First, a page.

I can't really think of many books, even classics, that actually switch POV between major characters. Sound&the Fury does, but even then I think it's only two POV's. DaVinci Code switches between robert langdon's and the albino's, but only in separate chapters.
You can easily write third person perspective, even omniscient, but make sure you only "jump heads" at the start of a chapter or scene break, or else it can become too much work for your reader--even if it's awesomely written. I personally prefer third person rather than first if you're writing multiple MC's--it allows the authors voice to shine through and tie it all together.
Also, is will depend on the exact genre and market this book appeals to--YA readers actually in their teens are characteristically less eager to work for their read. I'm not saying that to put them down, just noting a fact of the target market.
Also, we should make this a topic on it's own thread! It's a great discussion :)
I completely agree! I'm shocked at the number of people who have involved themselves in the conversation. THIS IS SO EXCITING! I have never been able to discuss books and writing with other people with such depth. I LOVE it
Actually I'm going to jump in here. I beg to differ pretty much every romance has two main characters and therefore every other chapter switches POV from the female MC to the male MC. It's pretty standard procedure in romances and they usually are written in 3rd person, no matter the sub genre.
I have a friend who writes 4 main characters in her stories.
I agree. I think two character POVs are quite common. I was trying to think of examples that had more than that but could not.
Blood Land by Alan Glynn is told from several main characters in the third person. It is an ambitious political-crime-thriller with several storylines that intersect at various points before coming together in the end.
I admire anyone willing to stretch themselves as a writer. After all, new genres and new techniques cannot be discovered if one is afraid to fail.
But would we want to really want to limit ourselves as writers to what has already been done? A classic is not nearly just the style of writing but the story itself. I personally have read many books at the young age that I am at (don't ask me how I got my hands on them lol -in highschool they called me the book theif!-) and I know that taking chances with writing can never hinder an author. It can only teach you more.
And if you think about it the market you seem to be focused on are the kinds who read simply because they have to or stick to small novels and magazines. Classics are not even in their range of interest. Even considering books like Twilight and Harry Potter--these books are HUGE! Real book readers will look past it read the book 5 and 6 times while others will look at it shake their heads while walking away.
All genre have different types of readers. It's never okay to throw out an overall label.
It sounds interesting. I could use a little more information about it though. I am not one to talk (I can't tell people what a book is about without telling them the book LOL) this is a lot better than what I could do. It slightly reminds me of the story I am currently writing. (Just a little because of the seemingly happy but having problems thing)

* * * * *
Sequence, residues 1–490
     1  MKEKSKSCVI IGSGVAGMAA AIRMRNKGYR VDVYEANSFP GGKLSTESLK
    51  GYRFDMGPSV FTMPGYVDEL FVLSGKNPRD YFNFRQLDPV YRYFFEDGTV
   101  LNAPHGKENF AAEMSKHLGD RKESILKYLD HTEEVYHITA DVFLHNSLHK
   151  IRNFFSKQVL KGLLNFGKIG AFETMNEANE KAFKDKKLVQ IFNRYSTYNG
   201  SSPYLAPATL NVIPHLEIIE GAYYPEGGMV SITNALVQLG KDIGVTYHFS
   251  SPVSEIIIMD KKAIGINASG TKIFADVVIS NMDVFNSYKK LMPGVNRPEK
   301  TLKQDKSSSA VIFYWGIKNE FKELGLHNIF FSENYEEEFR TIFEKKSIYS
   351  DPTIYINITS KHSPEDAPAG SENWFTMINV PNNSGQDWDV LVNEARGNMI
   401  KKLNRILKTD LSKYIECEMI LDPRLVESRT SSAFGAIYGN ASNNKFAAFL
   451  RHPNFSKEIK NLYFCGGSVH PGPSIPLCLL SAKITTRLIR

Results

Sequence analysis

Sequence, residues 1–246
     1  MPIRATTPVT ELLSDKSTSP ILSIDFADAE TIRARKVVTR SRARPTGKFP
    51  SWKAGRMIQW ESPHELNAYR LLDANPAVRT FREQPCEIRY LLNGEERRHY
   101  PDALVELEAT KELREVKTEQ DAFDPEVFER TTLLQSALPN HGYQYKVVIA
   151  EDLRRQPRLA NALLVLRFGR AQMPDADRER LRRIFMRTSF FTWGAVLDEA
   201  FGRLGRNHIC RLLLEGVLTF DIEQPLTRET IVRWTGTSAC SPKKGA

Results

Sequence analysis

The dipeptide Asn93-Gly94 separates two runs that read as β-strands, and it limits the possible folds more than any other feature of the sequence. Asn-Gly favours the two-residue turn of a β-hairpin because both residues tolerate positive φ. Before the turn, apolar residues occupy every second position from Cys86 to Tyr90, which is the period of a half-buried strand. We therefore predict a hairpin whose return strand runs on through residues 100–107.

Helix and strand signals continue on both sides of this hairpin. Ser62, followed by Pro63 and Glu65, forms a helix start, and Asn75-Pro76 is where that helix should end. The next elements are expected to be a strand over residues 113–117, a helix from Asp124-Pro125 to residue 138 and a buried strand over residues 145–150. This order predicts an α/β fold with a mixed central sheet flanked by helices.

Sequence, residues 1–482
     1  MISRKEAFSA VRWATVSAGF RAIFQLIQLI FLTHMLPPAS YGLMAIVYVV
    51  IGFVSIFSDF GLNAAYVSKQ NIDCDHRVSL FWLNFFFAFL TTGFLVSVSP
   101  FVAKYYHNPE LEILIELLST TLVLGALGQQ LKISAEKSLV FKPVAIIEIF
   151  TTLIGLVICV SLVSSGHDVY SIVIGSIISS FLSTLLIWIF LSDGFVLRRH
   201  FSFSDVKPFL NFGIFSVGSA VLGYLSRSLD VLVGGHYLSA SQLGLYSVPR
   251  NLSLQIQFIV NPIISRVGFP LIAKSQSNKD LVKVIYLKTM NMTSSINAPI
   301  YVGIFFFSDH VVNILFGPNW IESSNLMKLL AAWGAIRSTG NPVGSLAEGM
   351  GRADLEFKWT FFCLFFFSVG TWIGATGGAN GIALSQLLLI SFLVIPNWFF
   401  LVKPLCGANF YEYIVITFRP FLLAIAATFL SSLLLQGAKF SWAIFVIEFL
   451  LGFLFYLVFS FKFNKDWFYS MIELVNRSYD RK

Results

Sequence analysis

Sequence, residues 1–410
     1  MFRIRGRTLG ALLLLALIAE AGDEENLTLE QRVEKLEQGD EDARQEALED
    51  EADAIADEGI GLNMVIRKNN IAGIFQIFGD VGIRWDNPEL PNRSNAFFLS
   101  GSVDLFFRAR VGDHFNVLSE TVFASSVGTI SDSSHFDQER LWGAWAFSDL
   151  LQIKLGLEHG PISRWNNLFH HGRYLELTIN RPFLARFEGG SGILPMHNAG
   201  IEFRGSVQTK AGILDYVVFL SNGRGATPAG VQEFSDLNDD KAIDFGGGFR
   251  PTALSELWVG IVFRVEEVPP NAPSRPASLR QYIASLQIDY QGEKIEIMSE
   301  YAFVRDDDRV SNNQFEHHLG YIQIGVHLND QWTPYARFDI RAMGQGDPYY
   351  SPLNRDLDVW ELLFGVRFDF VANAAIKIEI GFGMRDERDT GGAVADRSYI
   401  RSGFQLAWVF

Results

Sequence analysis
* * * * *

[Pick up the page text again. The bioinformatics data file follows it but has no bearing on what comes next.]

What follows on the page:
I can't exactly tell you of anything I think needs to be changed because I think it's okay so far. How much have you written out? I am reading the ones you have posted now and will leave you comments as I go.
Thanks for all your lovely comments on the posts...They were very informative and useful. Just a question, is the 3rd chapter so boring/bad, that no one actually had any comments on it? I understand most people do not have an in-depth understanding of cricket, so I tried to describe it as vividly as possible. To be honest, as I wanted them to be actively working and earning, I thought glamour and sports were the fields where it is easy to find young people working, and due to my own limited knowledge of other sports, I chose cricket (as a small-scale commentator for the sport, I do have an understanding of its techniques).
If you don't mind, would you prefer Ishan or Ron as a character? In terms of empathy and sympathy, who would the audience be closer to? Thanks for your support so far!
Before you freak out: CALM DOWN! LOL
I probable would have commented on your third chapter just as I did one and two. I haven't had a chance to read it yet. Try not to let silence get your mind into high gear over things that you panicked about as you wrote because nine times out of ten that's not even the reason why. Your mind is so stuck on worrying about if people will have an interest in the sport that you immediately jumped to that conclusion. It happens to all great writers.
The 4th Chapter of 'Silent Voices' is ready to be read. http://www.shewrites.com/profiles/blogs/silent-voices-the-wounded-w... please do provide me with feedback, and any constructive criticism is very welcome. I would love to know what feel one feels towards the character, and also if possible, how he connects and compares with the other characters. Now that all four of them are introduced, I would love to hear what comparisons, compassions and connections with between themselves and with the reader. Thanks for your help in advance!
Just thought I'd stop by and introduce myself. I'm working on a YA speculative fiction novel and keep getting stuck. But I've just had an encouraging critique of the first two chapters so determined to push on. Really interested to meet other authors, especially YA. Looking forward to learning lots from the more experienced members of this group.